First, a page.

The assessment of the seasonal contribution of the anthropogenic sources to the carbon monoxide budget in Europe

T. Mészáros, L. Haszpra, A. Gelencsér

Research output: Contribution to journalArticle

10 Citations (Scopus)

Abstract

This study aims to obtain a simplified understanding of the European carbon monoxide (CO) budget, specifically focusing on the seasonal variability of sources and sinks with the help of a box-model. The information provided by such a model can be meaningful as a first order estimate for the CO budget in Europe, which is one of the main source regions of anthropogenic CO. The model allows the assessment of the incremental change in atmospheric CO concentration caused by the CO direct emission and CO chemical production in Europe. The output of the model is validated against available observational data, both in absolute terms and with respect to the seasonal variation of CO mixing ratio. Furthermore, the first order source apportionment provided by the model is compared to those retrieved from global 3D chemical-transport models (CTMs). The total incremental change caused by the European sources is estimated to be 91.4±21.1Tg COyr-1, while the inward advection is 52.2±13.8Tg COyr-1. The annual share of the primary and secondary anthropogenic sources is about 85±10% in the total. The total sink strength, including outward advection, reaction with hydroxyl radicals and dry deposition, is calculated to be 150.0±49.4Tg COyr-1. It should be noted that the outward advection represents 80±10% of the total sink strength.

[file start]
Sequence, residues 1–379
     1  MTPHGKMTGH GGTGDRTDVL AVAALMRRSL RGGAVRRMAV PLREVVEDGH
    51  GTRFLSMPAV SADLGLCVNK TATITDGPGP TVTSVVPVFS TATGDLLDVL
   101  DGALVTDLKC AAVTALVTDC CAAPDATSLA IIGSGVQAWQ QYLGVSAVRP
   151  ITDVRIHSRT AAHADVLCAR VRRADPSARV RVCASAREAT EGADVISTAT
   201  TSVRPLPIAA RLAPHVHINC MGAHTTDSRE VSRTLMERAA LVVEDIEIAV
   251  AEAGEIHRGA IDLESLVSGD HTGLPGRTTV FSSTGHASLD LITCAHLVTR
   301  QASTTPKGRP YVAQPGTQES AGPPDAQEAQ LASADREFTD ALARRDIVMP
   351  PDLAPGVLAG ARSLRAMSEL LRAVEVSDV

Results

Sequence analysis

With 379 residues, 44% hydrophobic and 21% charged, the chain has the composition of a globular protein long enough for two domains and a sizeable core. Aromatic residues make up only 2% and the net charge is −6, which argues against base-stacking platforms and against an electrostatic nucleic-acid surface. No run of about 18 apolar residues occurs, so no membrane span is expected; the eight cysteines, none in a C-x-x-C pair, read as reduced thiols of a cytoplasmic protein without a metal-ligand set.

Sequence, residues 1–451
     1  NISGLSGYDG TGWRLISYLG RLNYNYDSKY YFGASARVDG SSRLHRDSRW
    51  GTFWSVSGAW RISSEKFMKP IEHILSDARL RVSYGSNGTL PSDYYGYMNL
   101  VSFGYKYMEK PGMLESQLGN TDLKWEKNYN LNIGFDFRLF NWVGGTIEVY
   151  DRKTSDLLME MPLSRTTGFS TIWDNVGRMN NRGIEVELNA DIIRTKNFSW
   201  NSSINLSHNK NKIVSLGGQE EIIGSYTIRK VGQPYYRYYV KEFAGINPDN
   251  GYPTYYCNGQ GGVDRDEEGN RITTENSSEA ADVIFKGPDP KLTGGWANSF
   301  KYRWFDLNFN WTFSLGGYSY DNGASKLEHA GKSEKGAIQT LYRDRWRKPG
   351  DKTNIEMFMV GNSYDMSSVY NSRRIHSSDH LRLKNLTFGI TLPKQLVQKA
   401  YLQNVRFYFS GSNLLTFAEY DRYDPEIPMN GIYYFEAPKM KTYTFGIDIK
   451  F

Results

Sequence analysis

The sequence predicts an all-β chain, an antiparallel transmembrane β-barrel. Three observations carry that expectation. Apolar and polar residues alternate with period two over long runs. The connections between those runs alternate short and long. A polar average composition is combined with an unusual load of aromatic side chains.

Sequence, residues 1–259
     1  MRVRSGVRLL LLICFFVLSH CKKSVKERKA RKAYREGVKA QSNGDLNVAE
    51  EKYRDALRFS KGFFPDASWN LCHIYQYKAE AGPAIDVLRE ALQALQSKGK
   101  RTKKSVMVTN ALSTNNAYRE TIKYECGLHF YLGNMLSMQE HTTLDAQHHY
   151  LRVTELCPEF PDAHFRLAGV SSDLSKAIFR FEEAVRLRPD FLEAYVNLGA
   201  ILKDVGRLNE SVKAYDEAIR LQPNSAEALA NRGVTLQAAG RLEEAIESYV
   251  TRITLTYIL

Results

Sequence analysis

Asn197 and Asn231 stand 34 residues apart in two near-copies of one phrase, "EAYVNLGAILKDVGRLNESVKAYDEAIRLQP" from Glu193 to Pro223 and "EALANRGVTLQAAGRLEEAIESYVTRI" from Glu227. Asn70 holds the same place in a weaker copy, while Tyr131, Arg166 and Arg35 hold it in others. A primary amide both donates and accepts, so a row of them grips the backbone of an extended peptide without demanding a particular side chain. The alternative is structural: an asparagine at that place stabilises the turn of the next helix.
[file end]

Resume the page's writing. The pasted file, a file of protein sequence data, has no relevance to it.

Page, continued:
Original languageEnglish
Pages (from-to)4147-4154
Number of pages8
JournalAtmospheric Environment
Volume38
Issue number25
DOIs
Publication statusPublished - Aug 1 2004

Keywords

  • Box-model
  • Budget calculation
  • Carbon monoxide
  • Europe
  • Mixing ratio
  • Seasonal cycle

ASJC Scopus subject areas

  • Environmental Science(all)
  • Atmospheric Science

Fingerprint Dive into the research topics of 'The assessment of the seasonal contribution of the anthropogenic sources to the carbon monoxide budget in Europe'. Together they form a unique fingerprint.

  • Cite this